Endangered Species: When Will the V8 Pickup Truck Go the Way of The Dodo?
In 2024, you’ll have your choice of five V8-powered pickup trucks. By 2025, there will only be a couple left. The V8 pickup truck is not long for this world. So when will this icon finally go extinct?
- Toyota Tundra: Only available with a turbocharged V6
- Nissan Titan: Unavailable after the 2024 model year
- Ram 1500: Likely dropping its Hemi V8 for a turbocharged I6 in 2025
What truck has a V8 engine?
Most automakers are currently happy to sell you a full-size pickup truck with a V8 engine. The only exception is Toyota, which only offers its Tundra with a turbocharged V6. But you had better hurry; it looks like most V8 truck options will be gone by 2025.
The Nissan Titan has been a holdout; this automaker only offers its full-size pickup truck with a naturally aspirated 5.6-liter V8. But this strategy has not been working out for Nissan, and it just announced it is killing the half-ton Titan after the 2025 model year.
We will probably be forced to say goodbye to the V8-powered Ram at the same time. Chrysler built its first Hemi V8 in 1951, and you can still get a Hemi in the 2024 Ram 1500 or Ram’s heavy-duty trucks. But 2025 Ram 1500s powered by the 3.0-liter “Hurricane” I6 are taking test runs up and down Woodward Avenue in Detroit. And while Ford and GM build diesel V8s, the heavy-duty Ram’s diesel option is already a turbo I6, the Cummins 6.7-liter.
General Motors made headlines when it offered its half-ton Chevrolet Silverado 1500 and GMC Sierra 1500 pickup trucks with a 2.7-liter turbocharged I4, and again when it made this the default base powerplant. This efficient and powerful engine is gaining momentum. But GM still also offers a 5.3-liter and a 6.2-liter V8 in its half-ton trucks.
While GM’s 3.0-liter turbodiesel I6 is the most efficient half-ton engine available, it isn’t cheap enough to be a V8 replacement. So unless the automaker rolls out a brand-new engine, we can expect its V8s to survive into the next generation of the Silverado/Sierra (due out in 2025).
Ford pioneered turbocharged truck engines with its 3.5-liter EcoBoost F-150 debuting in 2011. The automaker has continued offering its naturally aspirated 5.0-liter Coyote V8 as an F-150 option. We won’t see the 15th-generation F-150 until 2027 or 2028, so we can expect the V8 to stay on the spec sheet for at least this long. But with more states legislating what dealerships can have displayed on the lot, the V8 may be exclusively a special order soon.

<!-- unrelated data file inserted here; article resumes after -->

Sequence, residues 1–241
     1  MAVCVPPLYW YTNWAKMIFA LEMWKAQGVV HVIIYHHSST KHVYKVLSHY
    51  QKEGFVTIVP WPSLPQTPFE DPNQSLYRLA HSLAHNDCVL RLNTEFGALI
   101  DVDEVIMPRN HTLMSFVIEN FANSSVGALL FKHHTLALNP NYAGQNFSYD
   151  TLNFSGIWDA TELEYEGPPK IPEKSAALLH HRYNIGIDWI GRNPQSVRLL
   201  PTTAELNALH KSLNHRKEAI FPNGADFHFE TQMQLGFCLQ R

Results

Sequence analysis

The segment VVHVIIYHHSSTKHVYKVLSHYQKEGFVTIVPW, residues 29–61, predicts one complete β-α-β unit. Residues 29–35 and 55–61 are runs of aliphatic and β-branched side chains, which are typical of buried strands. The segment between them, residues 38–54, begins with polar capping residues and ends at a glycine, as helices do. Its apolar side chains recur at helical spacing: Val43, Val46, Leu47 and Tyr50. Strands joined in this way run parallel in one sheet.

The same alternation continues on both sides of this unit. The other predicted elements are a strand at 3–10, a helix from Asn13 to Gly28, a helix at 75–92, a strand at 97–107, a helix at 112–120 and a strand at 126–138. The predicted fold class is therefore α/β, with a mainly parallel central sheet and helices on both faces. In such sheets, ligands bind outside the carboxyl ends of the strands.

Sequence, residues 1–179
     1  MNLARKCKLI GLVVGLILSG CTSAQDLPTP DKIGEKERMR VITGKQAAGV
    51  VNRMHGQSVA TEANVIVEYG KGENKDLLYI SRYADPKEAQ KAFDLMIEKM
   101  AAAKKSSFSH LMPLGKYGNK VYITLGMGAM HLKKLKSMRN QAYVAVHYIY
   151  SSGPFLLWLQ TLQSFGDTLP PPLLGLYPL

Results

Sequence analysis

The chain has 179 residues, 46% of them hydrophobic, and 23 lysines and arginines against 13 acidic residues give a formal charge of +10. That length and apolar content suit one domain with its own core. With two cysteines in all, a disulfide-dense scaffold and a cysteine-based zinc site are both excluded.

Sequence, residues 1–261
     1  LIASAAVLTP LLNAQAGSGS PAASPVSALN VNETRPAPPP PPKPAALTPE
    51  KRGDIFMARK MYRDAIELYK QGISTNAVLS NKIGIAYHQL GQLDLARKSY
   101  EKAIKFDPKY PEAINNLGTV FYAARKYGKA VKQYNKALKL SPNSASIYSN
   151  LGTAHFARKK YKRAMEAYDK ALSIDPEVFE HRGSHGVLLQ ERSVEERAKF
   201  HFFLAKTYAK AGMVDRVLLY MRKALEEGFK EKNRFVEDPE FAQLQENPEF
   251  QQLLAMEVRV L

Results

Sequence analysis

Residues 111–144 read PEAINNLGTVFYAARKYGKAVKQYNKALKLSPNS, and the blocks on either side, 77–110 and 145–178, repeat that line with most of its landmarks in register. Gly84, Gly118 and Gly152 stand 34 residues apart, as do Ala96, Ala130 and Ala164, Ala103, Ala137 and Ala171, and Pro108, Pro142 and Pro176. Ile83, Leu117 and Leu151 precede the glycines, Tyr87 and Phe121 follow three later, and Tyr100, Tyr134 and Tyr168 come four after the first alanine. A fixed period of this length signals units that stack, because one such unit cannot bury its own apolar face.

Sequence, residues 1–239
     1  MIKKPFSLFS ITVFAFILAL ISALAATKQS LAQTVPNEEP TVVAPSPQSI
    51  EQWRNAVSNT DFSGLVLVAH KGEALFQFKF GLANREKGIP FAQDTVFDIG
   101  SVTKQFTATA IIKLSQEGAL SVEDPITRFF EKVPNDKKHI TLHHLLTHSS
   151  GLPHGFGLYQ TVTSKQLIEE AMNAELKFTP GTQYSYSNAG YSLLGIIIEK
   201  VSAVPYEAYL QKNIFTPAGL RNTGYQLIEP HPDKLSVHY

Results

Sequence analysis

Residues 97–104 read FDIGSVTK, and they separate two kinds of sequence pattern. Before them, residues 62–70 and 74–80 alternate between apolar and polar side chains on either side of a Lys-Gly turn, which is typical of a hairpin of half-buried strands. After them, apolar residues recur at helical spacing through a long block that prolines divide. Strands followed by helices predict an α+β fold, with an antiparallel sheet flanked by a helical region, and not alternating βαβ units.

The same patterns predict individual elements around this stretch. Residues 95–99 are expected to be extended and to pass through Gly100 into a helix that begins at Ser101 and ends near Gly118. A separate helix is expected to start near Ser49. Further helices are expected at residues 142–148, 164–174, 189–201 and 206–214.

What will be the final pickup truck with a V8 engine?
The final V8 pickup truck available will be a Ford or General Motors (Chevy/GMC). By 2030, both automakers will probably go to exclusively turbocharged four and six-cylinders in their half-tons. But they may both keep their turbodiesel V8s for heavy-duty trucks, for a surprisingly long time.
By 2030, you may be unable to order any half-ton with a naturally aspirated V8 engine. That’s right, both the Chevrolet Silverado 1500/GMC Sierra 1500 and Ford F-150 may go to smaller turbocharged engines exclusively. Half-ton trucks are more heavily regulated than their heavy-duty counterparts. What is more, their MPG is an increasingly important selling point.
But heavy-duty diesel trucks may be around for a while. Well into the electrification revolution. Why? Because there isn’t yet a better widespread technology for trailering.
Diesel V8 trucks may be around for a while
Current electric vehicles have a limited range. Eight-hundred-volt DC fast-charging may make EV cars competitive with ICE cars. But EV trucks will lag behind. While a big battery can give them ample range, it also makes them slow to charge. Add in that trailering can slice an electric truck’s range in half, and EVs are currently an ineffective solution for long-distance towing. It’s doubtful that the Tesla semi truck can haul anything heavier than potato chips on a long haul.
Multiple automakers are working on a better battery chemistry. And this will be the key to electric towing fleets. But it still may be generations away.
Multiple companies are working on hydrogen fuel cell semi-trucks. But considering how many years most semi trucks stay on the road, converting the entire industry will take decades. Semi trucks will remain diesel for years, and trucks stops along with them. From a fuel perspective, a diesel pickup truck is future-proof.
So what about a regular pickup truck buyer interested in towing long distances? Their best choice may soon be a heavy-duty truck with a turbo diesel. This is a tried-and-true technology, and diesel truck stops will remain open for years. And if they choose a Ford or GM truck, chances are its diesel will be a V8.
While some European countries–and US states–are considering full combustion bans for 2035, other states are vetoing combustion bans. As long as there’s a market and combustion is allowed, Detroit will likely keep putting old engines in its latest trucks. There is a chance that, in some places, you’ll still be able to buy a pickup truck with a diesel V8 in 2040 and beyond.
Next, find out whether your kids will be allowed to restore internal combustion cars, or learn which automaker is engineering an all-new V8 in the video below: